The shot on the front page of the site was taken at St. Ann of the Dunes, a small parish in Beverly Shores, Indiana. It’s also the parish that kicked off this project. I hope you’re ready for a very circuitous explanation.
First things first. St. Ann is a wonderful little church tucked into the Indiana Dunes National Lakeshore***, itself an outstanding slice of the National Park System that encompasses the south shore of Lake Michigan in Northwest Indiana and some areas inland. If you haven’t been there before, it’s worth a visit. As for the church, it’s a parish built by Lithuanian immigrants to the region, which is where our story gets started.
My oldest son Ian has long been interested in the world beyond the United States, and one of his hobbies has been attending foreign-language services. I’ve gone with him on a few occasions, taking in a Hungarian Mass in East Chicago, Ind., a French Mass in someone’s living room in Washington, D.C., and a Lebanese Catholic Mass, delivered in Arabic, in Leamington, Ontario. And on the third Sunday of each month, St. Ann of the Dunes hosts just such a service, conducting Mass in Lithuanian. Ian and I attended it a few years back, though neither of us spoke a word of Lithuanian at the time (given the amount of time he’s spent in the Baltics since then, I’m sure by now he’d be able to exchange pleasantries when he finds himself in Vilnius).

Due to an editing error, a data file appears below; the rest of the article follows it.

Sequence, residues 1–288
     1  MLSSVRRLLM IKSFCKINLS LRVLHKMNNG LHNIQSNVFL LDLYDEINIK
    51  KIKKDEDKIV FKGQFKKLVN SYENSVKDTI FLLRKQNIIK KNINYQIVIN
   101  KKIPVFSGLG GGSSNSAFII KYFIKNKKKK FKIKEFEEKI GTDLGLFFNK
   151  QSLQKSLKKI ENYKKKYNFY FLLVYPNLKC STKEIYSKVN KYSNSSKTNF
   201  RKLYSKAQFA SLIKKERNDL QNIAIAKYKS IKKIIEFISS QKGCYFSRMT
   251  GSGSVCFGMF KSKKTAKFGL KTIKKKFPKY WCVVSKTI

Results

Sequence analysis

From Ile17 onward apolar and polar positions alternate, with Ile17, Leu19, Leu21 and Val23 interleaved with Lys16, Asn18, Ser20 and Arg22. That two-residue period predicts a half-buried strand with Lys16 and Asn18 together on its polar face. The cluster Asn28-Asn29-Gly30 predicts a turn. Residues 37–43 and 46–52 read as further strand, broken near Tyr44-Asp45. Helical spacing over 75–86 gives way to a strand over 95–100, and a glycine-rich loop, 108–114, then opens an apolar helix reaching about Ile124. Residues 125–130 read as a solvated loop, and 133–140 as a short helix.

Fast forward a few years to 2016. I was returning from Michigan City, Indiana, to my hometown in Portage after dropping my youngest son off at soccer practice. Cormac was entering his freshman year at Marquette Catholic. That was a change, as Ian had graduated from Andrean and his sister Kiera was entering her senior year there. Like Marquette, Andrean is a Catholic High School in Merrillville, just in the opposite direction.
Until Cormac started school there, I had few reasons to travel that way. So as I was coming home from practice that day, I was reminded of the service Ian and I had attended at St. Ann. I thought it might make a neat experience to expand on my visit there by attending Mass in each of the parishes in our diocese.
Almost as soon as that thought entered my mind, I hit upon a new one. “No, I should attend Mass in all 50 states. Plus Washington, D.C. And Puerto Rico,” I thought (well, probably said out loud, as I was instantly excited about the prospect). By the end of the week, I had a pretty firm outline of what the book would be.
And if you were wondering why there was such a long delay between when the inspiration struck and when I planned to leave, it again goes back to my youngest son. I had no intention of spending so much time on the road while he was still in high school. So I targeted 2021, the year after he graduates.
Since this blog post was written, there’s been a development. With the signing of the bill to fund the government in early February, the Indiana Dunes National Lakeshore officially became the Indiana Dunes National Park, making it the 61st park in the system and the first in Indiana. I don’t know if there’s another Catholic Church in a National Park, though I suppose that’s something I’ll find out in 2021.